Monrovia, CA—Just months after STAAR Surgical Co. told investors it could face possible FDA enforcement action for 16 violations that turned up during inspections of its Monrovia plant, the company said it has resolved all but two observations.
Monrovia, CA-Just months after STAAR Surgical Co. told investors it could face possible FDA enforcement action for 16 violations that turned up during inspections of its Monrovia plant, the company said it has resolved all but two observations.
STAAR Surgical officials announced Sept. 14 that the FDA issued three inspectional observations, and one of those was marked "corrected and verified." The company said it has pledged to correct the remaining two observations.
Charles Kaufman, the company's legal counsel, declined to elaborate on the nature of those issues with Ophthalmology Times. "I think people understand that there's certainly a big change from what we had last time," Kaufman said.
"The company believes the outcome of the inspection reflects the company's efforts to enhance its compliance systems over the past 20 months and the FDA's evaluation of that work," according to STAAR Surgical's disclosure filed with the Securities and Exchange Commission.
Analysts and other industry observers were concerned that any violations pending at the Monrovia plant might interfere with the FDA approval of the company's Visian ICL, which earned an approvable letter from the FDA on July 28 (Ophthalmology Times, Aug. 15, 2005). A final approvable letter from the FDA remains subject to a review of the most recent inspection results by the FDA's Center for Devices and Radiological Health.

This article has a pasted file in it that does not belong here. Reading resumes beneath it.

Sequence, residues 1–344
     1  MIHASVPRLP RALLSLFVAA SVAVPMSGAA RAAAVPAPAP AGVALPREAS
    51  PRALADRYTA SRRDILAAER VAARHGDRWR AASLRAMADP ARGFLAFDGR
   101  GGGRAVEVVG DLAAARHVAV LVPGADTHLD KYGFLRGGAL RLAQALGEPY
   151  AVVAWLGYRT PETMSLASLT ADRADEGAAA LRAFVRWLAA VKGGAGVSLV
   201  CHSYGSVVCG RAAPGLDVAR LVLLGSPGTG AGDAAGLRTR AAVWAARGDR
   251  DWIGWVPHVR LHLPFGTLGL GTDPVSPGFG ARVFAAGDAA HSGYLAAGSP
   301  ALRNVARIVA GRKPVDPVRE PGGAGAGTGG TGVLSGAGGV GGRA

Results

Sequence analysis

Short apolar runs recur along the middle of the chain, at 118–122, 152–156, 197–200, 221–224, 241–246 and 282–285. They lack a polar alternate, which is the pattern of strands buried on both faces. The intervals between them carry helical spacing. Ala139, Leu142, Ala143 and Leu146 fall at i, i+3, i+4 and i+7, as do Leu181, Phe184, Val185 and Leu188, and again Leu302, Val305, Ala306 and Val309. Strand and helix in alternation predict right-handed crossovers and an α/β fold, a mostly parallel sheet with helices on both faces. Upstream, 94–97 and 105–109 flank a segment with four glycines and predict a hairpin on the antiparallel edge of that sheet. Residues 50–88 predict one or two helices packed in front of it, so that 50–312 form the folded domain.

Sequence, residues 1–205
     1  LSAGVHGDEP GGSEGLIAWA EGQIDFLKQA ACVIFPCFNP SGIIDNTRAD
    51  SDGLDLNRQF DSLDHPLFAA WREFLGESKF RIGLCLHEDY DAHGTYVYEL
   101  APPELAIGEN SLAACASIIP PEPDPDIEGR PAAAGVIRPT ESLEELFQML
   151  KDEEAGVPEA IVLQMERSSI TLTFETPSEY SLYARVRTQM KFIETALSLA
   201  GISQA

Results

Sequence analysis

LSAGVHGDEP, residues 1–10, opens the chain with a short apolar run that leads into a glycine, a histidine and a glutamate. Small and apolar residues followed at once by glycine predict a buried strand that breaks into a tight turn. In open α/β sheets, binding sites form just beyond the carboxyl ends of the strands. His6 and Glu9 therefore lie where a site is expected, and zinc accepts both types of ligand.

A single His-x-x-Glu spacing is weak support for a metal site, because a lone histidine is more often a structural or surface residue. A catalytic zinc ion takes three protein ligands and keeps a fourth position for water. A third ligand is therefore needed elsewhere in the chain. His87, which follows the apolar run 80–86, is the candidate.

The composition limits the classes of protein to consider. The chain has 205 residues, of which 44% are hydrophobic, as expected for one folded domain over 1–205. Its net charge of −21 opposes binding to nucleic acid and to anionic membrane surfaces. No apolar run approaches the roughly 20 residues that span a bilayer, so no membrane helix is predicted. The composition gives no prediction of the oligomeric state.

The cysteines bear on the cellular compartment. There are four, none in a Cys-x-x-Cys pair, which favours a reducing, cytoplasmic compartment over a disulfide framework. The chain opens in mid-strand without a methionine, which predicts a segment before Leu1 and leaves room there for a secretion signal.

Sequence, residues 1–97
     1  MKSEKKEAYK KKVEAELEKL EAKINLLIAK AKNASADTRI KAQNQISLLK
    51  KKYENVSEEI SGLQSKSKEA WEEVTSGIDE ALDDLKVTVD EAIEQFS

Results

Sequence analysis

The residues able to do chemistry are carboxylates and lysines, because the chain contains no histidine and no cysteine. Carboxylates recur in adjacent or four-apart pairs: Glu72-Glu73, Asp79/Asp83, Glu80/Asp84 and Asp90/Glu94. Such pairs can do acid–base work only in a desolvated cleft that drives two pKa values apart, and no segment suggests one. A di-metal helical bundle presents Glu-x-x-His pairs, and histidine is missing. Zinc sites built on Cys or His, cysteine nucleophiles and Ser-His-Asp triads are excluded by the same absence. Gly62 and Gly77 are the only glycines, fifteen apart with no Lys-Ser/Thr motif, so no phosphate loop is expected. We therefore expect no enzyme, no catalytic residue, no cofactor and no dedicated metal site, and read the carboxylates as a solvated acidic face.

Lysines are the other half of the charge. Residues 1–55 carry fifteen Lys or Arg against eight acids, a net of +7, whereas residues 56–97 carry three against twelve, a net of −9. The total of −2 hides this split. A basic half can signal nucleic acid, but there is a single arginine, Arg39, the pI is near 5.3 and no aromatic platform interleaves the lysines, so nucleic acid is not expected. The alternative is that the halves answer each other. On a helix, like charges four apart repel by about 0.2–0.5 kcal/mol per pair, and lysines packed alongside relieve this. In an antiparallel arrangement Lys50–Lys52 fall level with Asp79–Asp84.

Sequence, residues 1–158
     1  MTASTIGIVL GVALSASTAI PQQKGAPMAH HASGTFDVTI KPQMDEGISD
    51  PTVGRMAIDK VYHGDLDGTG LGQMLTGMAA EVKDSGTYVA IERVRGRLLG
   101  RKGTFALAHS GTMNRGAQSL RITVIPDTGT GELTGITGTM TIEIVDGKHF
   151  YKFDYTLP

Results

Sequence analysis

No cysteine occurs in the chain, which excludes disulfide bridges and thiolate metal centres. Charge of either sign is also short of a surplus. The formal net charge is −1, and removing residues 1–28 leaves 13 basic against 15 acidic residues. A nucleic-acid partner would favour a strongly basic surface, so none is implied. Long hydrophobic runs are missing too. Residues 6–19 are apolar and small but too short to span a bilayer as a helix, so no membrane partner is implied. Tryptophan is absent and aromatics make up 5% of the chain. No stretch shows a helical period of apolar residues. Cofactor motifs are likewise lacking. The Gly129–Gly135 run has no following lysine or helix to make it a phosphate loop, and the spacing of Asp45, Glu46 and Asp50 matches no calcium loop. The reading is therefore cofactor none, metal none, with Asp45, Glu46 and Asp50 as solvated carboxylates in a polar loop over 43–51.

The company has been dealing with issues relating to the FDA inspections since December 2003 (Ophthalmology Times, Feb. 1, 2004).
A September 2004 report from the FDA criticized production and process controls, corrective and preventive action, quality-system requirements, statistical techniques, complaint handling, medical device reporting, design controls, acceptance criteria, and document controls and records. In a June 30, 2005 letter, the FDA said it was "gravely concerned about STAAR's serious, continuing violations and is prepared to seek the appropriate remedies" under the Federal Food, Drug, and Cosmetic Act.
Kaufman credits the turnaround to the company's reaction to FDA criticisms, he said.
"What we tried to do proactively was what the FDA would have done if (it) had taken the first steps of an enforcement action," he said. For example, the FDA might have required an observer to watch over the company's methods and recommend changes, or halted production for a time, he added.
The company invited Quintiles-a North Carolina-based company the FDA often uses as a court-ordered observer-to help improve its systems. STAAR Surgical also took some products offline-Kaufman pointed to the Collamer 3-piece IOL and its injector-while they were revalidated. Both are back online, he said.
The Quintiles recommendations were implemented before enforcement was necessary, Kaufman said. "I think, ultimately, that's what's gotten us to this point," he said.